Loading 35mm film is one of the first things to learn when taking up film photography. It's important to understand how the camera works and how easy it is to start shooting film today!
What is an SLR and why do you need one
SLR stands for 'single-lens reflex camera'. SLRs often have a mirror or prism that allows you to look through the lens and see exactly what is in front of you. You may have heard of a DSLR which are our modern-day digital cameras. The 'D' stands for digital. SLRs are a great option if you like to accessorise and customise your camera as they have the option for interchangeable lenses to suit your need. SLRs are primarily different from DSLRs because they translate images onto film, not into memory cards.
You've got yourself an SLR, now what...
Most SLRs on our website are easy to use and have self-explanatory settings and dials. If you do need some help with understanding how these settings contribute and change your image at the end of the day check out our blog about taking the best photographs on film. This will help you to understand your camera and some general photography terms.
Most beginners start with a fully manual SLR, these are distinguished by their boxy, vintage metal bodies and metal lenses.
Some SLRs have digital sensors and light meters built in to aid you in getting a perfectly exposed image. These can include models such as the Canon T70, and Minolta Dynax 500si, to name a few. These cameras usually can be distinguished by their plastic bodies and automatic lenses which are often made with plastic as their primary material. They also have LCD screens and often include buttons rather than metal dials. These automatic cameras can be a great option if you are just coming from a fully automatic point-and-shoot and want something with a bigger sensor. These cameras make it easy to come from digital straight to film. However, don't be daunted by the beautiful vintage SLRs, they come with much more excitement and give you the proper feel of accomplishment once you've got the hang of the settings.
How do I make sure I'm not making any mistakes?
As far as loading film in an SLR it's often pretty similar to most 35mm film cameras. Of course, you have to look out for the steps that can go wrong. To prevent them, Film Camera Store has come up with an acronym that will help you. SSLS.
S - Spindle, check the spindle has locked your film in place.
S - Sprocket, check the cameras sprockets are in the film holes to catch the film.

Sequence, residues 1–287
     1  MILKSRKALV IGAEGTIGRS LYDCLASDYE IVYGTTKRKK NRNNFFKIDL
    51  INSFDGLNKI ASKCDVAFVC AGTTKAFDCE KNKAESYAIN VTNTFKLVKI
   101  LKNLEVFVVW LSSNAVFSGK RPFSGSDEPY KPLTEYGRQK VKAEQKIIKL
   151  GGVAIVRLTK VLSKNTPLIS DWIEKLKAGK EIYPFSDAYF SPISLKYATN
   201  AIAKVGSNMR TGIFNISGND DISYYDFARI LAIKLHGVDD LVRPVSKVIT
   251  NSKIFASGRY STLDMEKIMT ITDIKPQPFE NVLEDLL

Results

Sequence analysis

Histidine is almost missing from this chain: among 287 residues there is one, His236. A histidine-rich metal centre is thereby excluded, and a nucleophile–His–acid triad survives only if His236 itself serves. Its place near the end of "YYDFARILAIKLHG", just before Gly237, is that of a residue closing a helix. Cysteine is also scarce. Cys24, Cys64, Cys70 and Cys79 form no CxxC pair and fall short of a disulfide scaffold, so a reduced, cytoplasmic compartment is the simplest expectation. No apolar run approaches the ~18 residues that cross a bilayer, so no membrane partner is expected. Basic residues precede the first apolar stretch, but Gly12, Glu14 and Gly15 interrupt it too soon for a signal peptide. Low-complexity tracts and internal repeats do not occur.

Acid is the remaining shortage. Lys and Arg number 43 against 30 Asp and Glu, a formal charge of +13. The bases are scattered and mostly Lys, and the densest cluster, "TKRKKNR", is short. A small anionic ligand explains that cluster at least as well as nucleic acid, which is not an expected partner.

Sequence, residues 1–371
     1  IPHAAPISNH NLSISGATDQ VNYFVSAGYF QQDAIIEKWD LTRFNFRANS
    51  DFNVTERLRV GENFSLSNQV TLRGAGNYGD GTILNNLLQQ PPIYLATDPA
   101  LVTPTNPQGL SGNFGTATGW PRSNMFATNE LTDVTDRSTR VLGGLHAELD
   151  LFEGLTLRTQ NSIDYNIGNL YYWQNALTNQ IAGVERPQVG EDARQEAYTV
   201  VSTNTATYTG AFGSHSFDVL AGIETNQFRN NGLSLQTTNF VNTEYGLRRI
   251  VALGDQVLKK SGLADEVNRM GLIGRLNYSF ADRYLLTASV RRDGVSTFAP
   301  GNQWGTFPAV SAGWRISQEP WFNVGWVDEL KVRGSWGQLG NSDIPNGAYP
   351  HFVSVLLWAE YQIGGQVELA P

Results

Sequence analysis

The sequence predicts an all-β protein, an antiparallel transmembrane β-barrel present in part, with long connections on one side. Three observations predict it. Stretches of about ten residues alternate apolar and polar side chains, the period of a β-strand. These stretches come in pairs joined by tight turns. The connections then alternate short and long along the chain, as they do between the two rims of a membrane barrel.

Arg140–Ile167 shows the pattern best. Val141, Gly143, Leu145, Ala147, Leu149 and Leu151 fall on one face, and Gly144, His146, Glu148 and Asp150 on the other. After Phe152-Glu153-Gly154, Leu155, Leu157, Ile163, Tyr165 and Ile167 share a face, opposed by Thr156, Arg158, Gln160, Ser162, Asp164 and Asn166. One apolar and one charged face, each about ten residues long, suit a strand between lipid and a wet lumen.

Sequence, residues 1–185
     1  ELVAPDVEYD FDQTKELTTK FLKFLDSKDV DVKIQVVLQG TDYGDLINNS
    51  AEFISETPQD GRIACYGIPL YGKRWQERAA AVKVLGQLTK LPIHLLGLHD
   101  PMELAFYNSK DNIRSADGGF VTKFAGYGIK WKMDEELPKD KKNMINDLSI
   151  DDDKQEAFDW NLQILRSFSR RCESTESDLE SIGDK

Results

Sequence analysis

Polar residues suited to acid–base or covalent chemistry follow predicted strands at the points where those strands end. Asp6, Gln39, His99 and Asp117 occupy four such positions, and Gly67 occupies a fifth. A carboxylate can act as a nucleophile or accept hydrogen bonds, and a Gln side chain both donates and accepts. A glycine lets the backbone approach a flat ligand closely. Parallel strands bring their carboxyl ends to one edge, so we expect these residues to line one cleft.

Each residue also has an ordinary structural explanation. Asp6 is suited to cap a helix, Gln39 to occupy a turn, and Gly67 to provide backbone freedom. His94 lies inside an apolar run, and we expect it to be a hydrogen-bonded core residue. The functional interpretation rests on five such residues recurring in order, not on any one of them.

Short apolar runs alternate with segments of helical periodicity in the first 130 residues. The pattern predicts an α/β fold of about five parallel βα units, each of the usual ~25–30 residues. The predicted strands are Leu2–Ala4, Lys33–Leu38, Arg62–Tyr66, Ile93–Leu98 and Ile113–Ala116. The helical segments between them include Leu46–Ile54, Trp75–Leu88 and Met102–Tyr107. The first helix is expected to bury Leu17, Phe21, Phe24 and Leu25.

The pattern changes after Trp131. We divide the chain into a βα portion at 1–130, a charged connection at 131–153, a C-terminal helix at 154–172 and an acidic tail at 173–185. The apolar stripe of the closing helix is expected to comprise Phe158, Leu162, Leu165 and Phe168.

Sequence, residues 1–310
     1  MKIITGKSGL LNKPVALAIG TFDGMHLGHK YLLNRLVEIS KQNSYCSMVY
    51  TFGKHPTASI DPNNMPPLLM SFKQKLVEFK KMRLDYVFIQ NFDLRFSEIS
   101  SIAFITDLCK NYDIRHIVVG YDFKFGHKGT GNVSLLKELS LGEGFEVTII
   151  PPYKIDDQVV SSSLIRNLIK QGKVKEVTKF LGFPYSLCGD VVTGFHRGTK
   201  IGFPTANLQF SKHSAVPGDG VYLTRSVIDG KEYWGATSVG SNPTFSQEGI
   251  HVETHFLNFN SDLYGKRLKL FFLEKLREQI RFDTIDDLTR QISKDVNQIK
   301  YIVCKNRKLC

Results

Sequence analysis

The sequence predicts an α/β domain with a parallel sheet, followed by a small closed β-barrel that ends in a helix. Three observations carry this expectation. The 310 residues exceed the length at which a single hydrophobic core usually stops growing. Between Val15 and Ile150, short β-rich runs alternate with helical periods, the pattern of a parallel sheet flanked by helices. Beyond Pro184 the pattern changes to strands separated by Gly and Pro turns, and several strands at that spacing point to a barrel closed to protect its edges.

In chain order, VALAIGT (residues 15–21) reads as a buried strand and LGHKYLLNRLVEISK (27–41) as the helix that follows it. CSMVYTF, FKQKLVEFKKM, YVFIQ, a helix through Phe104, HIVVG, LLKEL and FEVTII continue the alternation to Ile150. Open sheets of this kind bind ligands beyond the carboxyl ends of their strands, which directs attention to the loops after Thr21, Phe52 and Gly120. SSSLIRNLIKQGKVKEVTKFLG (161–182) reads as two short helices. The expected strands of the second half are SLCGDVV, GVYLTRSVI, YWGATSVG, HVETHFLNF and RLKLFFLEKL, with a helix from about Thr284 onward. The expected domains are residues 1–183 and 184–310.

L - Lever, make sure the lever can wind the film around the take-up spool.
S - Shutter, press the shutter a couple of times whilst winding the film. This will make sure the film takes.
Let's load some film!
First, grab your SLR and your favourite film! We have a blog coming up shortly all about the wonders of film and how to choose your next film.
- Open the back of your camera. Most Vintage SLRs have a spindle to pull up which opens the back door. You might hear a click!
- Pop your film out of its canister and turn it upside down so the top is facing down.
- Insert the film and push down the spindle to lock the film in place.
- Pull a small amount of film out of the canister. don't worry, there is around 10cm of film that is wasted for this exact reason.
- Pull the film until it is lined up with the take-up spool. Some SLRs differ here. Praktica's have a metal cage around the take-up spool. This is to ensure the film doesn't slip out of the spool. It works like most other spools which have a slit that you can put the film into to secure it. Just make sure the film is sat in the sprockets. Some Automatic SLRs will wind the film for you and it will have a plate with arrows next to the spool, there should also be a small red arrow or a line to where you should put the film, if done automatically you can skip to step 7 and start shooting.
- Pull the lever on the top and wind the film as you are doing this, locate the shutter button and be ready to press it when the lever has done a full rotation.
- Press the shutter and start winding again. Eventually, the film will catch and you will be able to close the back.
- If the film is not catching, pull the film back out and with one finger on the bottom of the canister press firmly while you wind the film back a notch until roughly an inch is pocking out. You will need to start the process again.
- If the spool is catching the film, close up the back and keep winding and shooting until the number dial reaches 1. This will mark your first photo.